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What Is The Best Low Carb Diet For You?

Published on January 9, 2014,

Our friends at Low Carb Diet Support have put together a very useful comparison of five popular low carb diets to help you pick which one is most suitable for your needs. Here’s an extract…

English: Typical Atkins diet meal

(Photo credit: Wikipedia)

Atkins: the original and still the best-known low-carb diet, consisting of 4 phases, starting with Induction at just 20g net carbs a day and gradually increasing. More about Atkins Diet…

Dukan: very low-fat as well as low-carb and quite radical, starts with Attack phase of several days on protein-only foods, followed by protein-only days alternating with days on protein plus salad vegetables. More about Dukan Diet…

Keto: similar to Atkins Induction, daily carbs are kept to a minimum throughout the full duration of the diet. More about Keto Diet…

Paleo: although not specifically designed to be low-carb, Paleo excludes foods made available by agriculture and processed foods, cutting out grains and refined sugar, which results in lower carb consumption. More about Paleo Diet…

South Beach: low-fat as well as low-carb but a lot less radical than Dukan, with several phases. More about South Beach Diet…

Click on the diet’s name in the first row to see its overview and pros/cons, and click on the criteria in column one to see the full explanation below.

Atkins
Dukan
Paleo
Keto
South Beach
1. Weight loss guaranteed1, 2
Yes
Yes
No
Yes
No
2. Easy to follow2
No
No
Yes
No
Yes
3. Phased structure
Yes
Yes
No
No
Yes
4. Amount of fat
High
Very low
High
High
Low
5. Ketogenic
Yes
No
No
Yes
No
6. Suitable for intensive exercise2
Yes
No
Yes
Yes
Yes
7. Requires carb counting
Yes
No
No
Yes
No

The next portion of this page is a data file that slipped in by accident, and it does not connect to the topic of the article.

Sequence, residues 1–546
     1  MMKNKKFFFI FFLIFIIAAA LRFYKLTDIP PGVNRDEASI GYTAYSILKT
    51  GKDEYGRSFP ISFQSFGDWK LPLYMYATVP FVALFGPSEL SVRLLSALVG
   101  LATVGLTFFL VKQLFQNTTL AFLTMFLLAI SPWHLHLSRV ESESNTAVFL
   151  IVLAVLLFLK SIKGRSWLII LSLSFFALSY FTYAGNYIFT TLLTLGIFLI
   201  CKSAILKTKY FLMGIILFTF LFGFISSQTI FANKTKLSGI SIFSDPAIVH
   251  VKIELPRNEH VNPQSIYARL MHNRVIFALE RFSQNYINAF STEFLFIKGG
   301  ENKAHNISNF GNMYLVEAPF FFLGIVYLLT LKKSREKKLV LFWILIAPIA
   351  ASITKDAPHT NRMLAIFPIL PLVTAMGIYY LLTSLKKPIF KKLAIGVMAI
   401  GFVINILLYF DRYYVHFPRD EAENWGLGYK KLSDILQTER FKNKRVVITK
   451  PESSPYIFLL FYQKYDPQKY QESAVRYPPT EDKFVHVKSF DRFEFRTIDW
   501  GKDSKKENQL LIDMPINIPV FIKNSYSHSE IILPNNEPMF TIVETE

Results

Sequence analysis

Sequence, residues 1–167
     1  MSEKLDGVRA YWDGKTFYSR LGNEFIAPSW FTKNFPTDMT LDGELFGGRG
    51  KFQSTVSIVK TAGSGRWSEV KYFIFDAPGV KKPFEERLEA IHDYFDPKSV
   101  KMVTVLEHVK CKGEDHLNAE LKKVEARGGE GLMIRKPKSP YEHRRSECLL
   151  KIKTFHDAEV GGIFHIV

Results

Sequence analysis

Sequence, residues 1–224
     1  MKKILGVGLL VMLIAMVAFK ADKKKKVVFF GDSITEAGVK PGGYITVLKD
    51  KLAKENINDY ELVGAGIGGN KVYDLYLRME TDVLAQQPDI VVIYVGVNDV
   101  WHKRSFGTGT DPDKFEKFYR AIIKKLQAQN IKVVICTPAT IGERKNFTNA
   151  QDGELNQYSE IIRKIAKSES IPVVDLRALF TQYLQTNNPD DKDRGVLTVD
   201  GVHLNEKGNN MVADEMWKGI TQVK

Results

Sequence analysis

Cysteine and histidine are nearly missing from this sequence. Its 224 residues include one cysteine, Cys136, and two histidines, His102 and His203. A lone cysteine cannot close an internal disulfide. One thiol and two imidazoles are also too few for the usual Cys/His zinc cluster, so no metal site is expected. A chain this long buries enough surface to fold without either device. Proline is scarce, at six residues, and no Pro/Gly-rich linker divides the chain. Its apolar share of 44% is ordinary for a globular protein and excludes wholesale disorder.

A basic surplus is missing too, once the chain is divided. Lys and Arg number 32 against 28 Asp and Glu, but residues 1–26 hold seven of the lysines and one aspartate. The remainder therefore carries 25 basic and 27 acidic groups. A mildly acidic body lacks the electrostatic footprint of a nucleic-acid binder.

8. Sweeteners allowed 
Yes
Yes
No
Yes
Yes
9. Easy for vegetarians2
No
No
No
No
Yes
10. Supplementation2
Yes
Yes
Optional
Yes
Optional

1 provided all the guidelines of the diet are followed fully and accurately

2 these criteria are subjective and a matter of opinion rather than fact. I provided my judgement based on my knowledge and experience, but other people may have different opinions (please feel free to share in the comments below)…

See more at: What is the best low-carb diet?

There is also a follow-up post where the author’s preferred approach based on the Atkins diet is described: Atkins Diet – What to Expect

See more from Low Carb Diet Support on twitter @Carbophobic

A low-carb alternative to potatoes or rice…

Published on January 29, 2013,

Most of us – at least those of us in the west – grow up being conditioned that meals come with a starchy side dish such as potatoes, rice or pasta. This can leave quite a hole for anyone switching to a low carb diet but the excellent blog Low Carb Diets thinks there is a solution at hand – cauliflower. Not convinced? Have a look at the suggestions below and you might be very pleasantly surprised. This is from Low Carb Diets…

The butcher had a lovely small cauliflower wit...

(Photo credit: Wikipedia)

Cauliflower is low in carb – about 5g net carbs per 100g – but you would never guess that. It tastes “carbohydrate-y” and so works really well as a low-carb alternative in recipes that call for potatoes or rice.